Today was pretty short. We did a bus tour through many of the settlements and Palestinian neighborhoods in the West Bank. Our guide was very interesting today. He is Israeli and was raised Jewish (though now he considers himself secular), but was pro-Palestinian human rights and would be considered “radical left” to the Israeli government. His background and viewpoints was a very unusual combination. Because of this, I think he did the best job presenting the information factually and as objectively as possible, and this was a very important voice to hear. Also, it was Shabat, so many of the settlements were quite quiet as everyone was at home praying. At the first stop, we talked about how the segregation happened and how it has affected the lives of Israelis and Palestinians. We also talked about how the attempts at solutions only led to further conflicts. Our guide even mentioned his service in the army, and how this worked into his larger narrative. At this stop, you could see both the wall and fence that make up the Separation Barrier. You could also see a segregated road. There was a straight paved Israeli highway that ran over a winding dirt Palestinian road. Seeing this finally made me realize why the Palestinian commute was so much longer than the Israeli commute. We drove through some settlements to stop at a hill overlooking the city of Jerusalem. Many of these (illegal) settlements looked like fortresses the way they were organized looking outwards over the top of the hill. Trash filled the Palestinian neighborhoods, and the roofs were dotted with water tanks. The roads in the Israeli settlements were well organized, paved, and full of streetlights and wide sidewalks. The Palestinians had bumpy, unorganized roads that lacked streetlights and sidewalks. Each area felt like a different country. At the second stop, we talked about how the Israelis use housing permits to restrict Palestinian growth in Jerusalem. They are prevented from building anything if it lies on designated green spaces and from adding more than four stories to their homes even if they do own the land or building. I found this very unfair, although not surprising. The third stop was along part of the Separation Barrier next to a road in a Palestinian town. There was some more moving graffiti, but the ground was also littered with used cans of tear gas, which really put the tension of “security” into perspective. The next stop overlooked the desert and an Israeli settlement. This is H1, the site of a potential Israeli settlement that would fragment the West Bank even further. Our guide explained that these lands were declared National Parks to prevent Palestinians from expanding on to them. Our very last stop was within a very nice settlement that looked out over a Palestinian neighborhood surrounded by the Separation Barrier. This neighborhood is part of Jerusalem, but has been separated by the wall. It is also given minimal services; they don’t have sewage, water, public schools, or trash collection and are given minimal electricity. Hearing these stories made me very sad. It is hard seeing a modern neighborhood so close to something so disadvantaged.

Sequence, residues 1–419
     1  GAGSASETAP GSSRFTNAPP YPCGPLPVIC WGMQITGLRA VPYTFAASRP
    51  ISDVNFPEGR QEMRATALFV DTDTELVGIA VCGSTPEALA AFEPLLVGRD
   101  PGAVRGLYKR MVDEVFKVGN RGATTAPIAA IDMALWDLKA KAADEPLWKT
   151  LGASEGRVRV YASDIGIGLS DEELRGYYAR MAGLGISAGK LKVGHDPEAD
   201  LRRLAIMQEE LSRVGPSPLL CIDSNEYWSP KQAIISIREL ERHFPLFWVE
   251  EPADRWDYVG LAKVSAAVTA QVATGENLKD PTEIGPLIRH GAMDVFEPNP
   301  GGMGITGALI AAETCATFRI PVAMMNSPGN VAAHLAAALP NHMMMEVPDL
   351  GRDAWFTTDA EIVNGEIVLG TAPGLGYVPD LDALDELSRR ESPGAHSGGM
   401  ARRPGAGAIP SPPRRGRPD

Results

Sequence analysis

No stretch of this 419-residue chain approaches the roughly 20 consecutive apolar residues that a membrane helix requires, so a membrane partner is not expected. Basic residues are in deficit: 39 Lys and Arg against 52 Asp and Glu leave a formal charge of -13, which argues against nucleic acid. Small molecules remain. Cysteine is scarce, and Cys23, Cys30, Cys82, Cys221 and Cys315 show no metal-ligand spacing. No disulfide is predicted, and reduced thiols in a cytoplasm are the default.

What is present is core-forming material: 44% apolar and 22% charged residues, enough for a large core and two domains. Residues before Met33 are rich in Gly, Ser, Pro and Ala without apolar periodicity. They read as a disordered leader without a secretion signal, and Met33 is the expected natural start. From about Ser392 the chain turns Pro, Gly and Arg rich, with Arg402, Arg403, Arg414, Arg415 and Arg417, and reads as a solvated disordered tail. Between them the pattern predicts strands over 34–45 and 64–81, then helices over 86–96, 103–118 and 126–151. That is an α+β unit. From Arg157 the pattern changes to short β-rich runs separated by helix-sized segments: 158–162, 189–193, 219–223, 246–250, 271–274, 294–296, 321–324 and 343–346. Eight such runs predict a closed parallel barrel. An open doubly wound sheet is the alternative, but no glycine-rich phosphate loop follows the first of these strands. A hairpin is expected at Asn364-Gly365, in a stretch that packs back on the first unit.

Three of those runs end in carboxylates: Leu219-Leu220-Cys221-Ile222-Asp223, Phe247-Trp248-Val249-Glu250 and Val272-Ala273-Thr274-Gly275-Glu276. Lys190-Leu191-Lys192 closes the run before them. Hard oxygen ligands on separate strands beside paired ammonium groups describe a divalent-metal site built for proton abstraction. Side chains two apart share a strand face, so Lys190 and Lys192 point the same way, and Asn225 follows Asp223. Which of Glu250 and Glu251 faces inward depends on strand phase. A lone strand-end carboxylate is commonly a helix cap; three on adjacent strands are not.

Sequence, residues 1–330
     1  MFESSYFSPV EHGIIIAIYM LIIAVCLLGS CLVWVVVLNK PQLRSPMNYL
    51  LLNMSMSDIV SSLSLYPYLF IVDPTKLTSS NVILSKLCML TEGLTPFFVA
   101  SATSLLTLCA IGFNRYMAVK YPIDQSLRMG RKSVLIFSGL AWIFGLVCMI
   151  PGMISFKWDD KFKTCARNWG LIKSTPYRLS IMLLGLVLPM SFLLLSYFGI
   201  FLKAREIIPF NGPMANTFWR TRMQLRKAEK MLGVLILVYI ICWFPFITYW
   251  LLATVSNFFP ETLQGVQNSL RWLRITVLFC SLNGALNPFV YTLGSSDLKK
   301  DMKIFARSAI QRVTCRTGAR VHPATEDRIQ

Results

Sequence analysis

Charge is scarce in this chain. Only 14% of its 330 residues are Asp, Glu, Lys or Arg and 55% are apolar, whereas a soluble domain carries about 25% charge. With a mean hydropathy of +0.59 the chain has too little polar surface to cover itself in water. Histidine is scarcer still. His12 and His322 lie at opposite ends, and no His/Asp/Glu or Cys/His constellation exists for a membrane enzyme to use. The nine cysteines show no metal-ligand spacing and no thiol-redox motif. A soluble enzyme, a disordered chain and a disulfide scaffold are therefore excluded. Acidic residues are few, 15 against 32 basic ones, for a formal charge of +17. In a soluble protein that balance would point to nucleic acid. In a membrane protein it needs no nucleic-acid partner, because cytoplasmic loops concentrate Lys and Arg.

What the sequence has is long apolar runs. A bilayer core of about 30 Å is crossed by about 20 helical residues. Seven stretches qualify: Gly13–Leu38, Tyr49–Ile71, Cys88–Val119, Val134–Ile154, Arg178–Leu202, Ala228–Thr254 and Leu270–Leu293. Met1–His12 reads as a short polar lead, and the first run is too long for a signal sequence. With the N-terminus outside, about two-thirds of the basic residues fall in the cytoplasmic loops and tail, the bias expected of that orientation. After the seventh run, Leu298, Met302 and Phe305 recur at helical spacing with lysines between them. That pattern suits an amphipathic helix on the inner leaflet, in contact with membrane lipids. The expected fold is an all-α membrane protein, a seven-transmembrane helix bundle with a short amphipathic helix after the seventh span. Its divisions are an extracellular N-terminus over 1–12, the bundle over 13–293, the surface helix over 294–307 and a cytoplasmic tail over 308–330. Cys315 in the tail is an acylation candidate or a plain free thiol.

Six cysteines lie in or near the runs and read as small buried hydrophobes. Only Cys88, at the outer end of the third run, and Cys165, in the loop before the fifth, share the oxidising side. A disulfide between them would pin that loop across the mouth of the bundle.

After dinner, we had some free time, so we went back to the Old City. We got lunch at a place in the Arab quarter of the market, then we went over to the Church of the Holy Sepulchre so that we could actually take some time to pray. We went into Jesus’s tomb, though we were only given a few seconds (literally) inside. Though I am not very religious, I found it very moving and it helped me confirm my faith. We spent some more time praying around the church. We found a rock with lots of names written on it, so we assumed that was acceptable so we all began writing on it. Then a Greek Orthodox priest came up to us and told us to stop or we could get arrested, so we did. But thankfully, before we finished I managed to write my grandfather’s name, “Tony Antonio,” and “Papa,” with a heart on the rock. This made me really glad, and I can’t wait to tell my grandparents. We left when it closed and went back into the market. I got a headscarf for my mom and a pair of harem pants for myself. Jessie and I also got these kits that contain Holy Water, Oil, Ground, etc. with a cross for 10 shekels each. I got four; two for my aunts, one for my mom, and one for my grandma. I think they’ll like these, plus I got a great deal.